I love The Three Stooges. Sure the humor is immature and ridiculous, and of course if someone got smacked in the head with an iron bar or had their nose twisted with a pair of pliers, someone would really get hurt or killed. But I’m still going to laugh because it’s entertaining. One of my favorite lines comes after when either Larry or Curly bumps into or accidentally smacks Moe. He’d get right in their face, nose to nose, and say, “Hey, what’s the big idea? “ Eyes are poked, and then it begins. Pandemonium.
Big ideas have that kind of power, the power to cause a kind of mayhem in the world, and you don’t even need to smack someone in the face for that to happen. Can you imagine what would happen if the church was as influential on the local level and in its surrounding neighborhoods as originally intended? We who are, not directed by Jesus, but informed by him that we ARE the light of the world, but that it is up to us (and even our obligation!) to pull the drapes off our stained glass to illuminate the outside world. That’s not even a big idea. That’s just being consistent with what we profess to be true. A big idea would include knocking the walls down, lighting torches, and storming into the world with Christ’s light. Kind of like the villagers in Frankenstein, except without the anger and pitchforks.
We get complacent in our comfort and are quite snug with our light hidden under a basket. We come to church on Sunday and enjoy the fellowship; we enjoy the well prepared worship music and sermons. We make sure to pile in when there is a post-service potluck. But we come and sit. As Moe said, “Hey, what’s the big idea?”
We can’t simply sit in our church buildings and hope people will knock on the door simply because Jesus is on the other side. We need to create opportunities for people, (yes, the people in the pews, you and I,) to effectively communicate the gospel to those who have never heard the message of grace. We need to go into the world and show people the love of Jesus in practical ways. That’s the big idea. That’s an idea that every church, every Christian, should have at the forefront of their minds. I don’t care what kind of church you are. Are you a small and seemingly mediocre church? Fine. Bill Gates started in a garage. His big ideas revolutionized the technology industry. Is your church older and not as spry as you used to be? Fine. Colonel Sanders didn’t launch his franchise until he was 65 years old. Now look at our arteries.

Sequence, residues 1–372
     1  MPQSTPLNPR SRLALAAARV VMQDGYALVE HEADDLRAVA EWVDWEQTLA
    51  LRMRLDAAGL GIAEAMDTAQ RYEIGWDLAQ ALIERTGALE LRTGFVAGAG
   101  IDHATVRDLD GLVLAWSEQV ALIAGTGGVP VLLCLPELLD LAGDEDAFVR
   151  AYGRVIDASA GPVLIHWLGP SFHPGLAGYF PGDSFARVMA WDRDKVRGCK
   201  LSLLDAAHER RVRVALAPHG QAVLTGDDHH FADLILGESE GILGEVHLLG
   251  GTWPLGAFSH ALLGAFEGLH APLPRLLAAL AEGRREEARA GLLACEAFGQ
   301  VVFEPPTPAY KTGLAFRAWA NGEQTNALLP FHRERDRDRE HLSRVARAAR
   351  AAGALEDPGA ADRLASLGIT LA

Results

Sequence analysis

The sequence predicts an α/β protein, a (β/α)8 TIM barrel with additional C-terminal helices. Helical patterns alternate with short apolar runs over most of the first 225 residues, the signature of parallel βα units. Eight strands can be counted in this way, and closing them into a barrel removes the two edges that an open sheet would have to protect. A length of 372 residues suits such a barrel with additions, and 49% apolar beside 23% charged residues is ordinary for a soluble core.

Perhaps your church is in a rut where you’ve done the same thing for decades. You‘ve done whatever you’re doing for so long that nobody knows why, or who, started the program. If your plan for reaching out to the world, either to evangelize or to meet people’s needs, if you’ve been doing the same thing for years and years and nothing is changing, perhaps it’s time to let that idea die and let a new one begin. There’s no shame in that. That’s how we grow spiritually, and that’s how the light of God’s grace and mercy, the same light that we enjoy, can reach a broken and hurting people.
Now, what’s your big idea?
Great thoughts here. I wonder if the biggest thing that holds people back from really pursuing their “big idea” is a fear of failure.
I actually told my pastor that I’d like to see more civic involvement, and he said “The congregation really wouldn’t go for that.” I fear that our church has become beholden – institutions aren’t supposed to take risks. They’re supposed to program and grow carefully, with balanced budgets and a clear set of constraints on its own authority.
Don’t get me wrong – I like the institutional church; it bundles resources for mission better than any other. But we’re a lot like Jonah, aren’t we? Content to set on our own laurels and take pride in our beliefs. And we don’t want to jeopardize that.
Maybe the big ideas are the most dangerous ones. What if we planned our outreach programs so that they exceeded the budget (not wastefully, of course!)? What if we really made an effort to double the number of conversations we have about faith each week? And what if we made a vow to ask the city counsels in our towns what they need – and before hearing the answer, promise to pledge ourselves to completing the task?
Part of being a shepherd is leading the sheep somewhere that they don’t want to go, not out of spite, but because they need to go there. But there’s nothing wrong with getting a group of people together and going out into the community and loving them in the name of Jesus.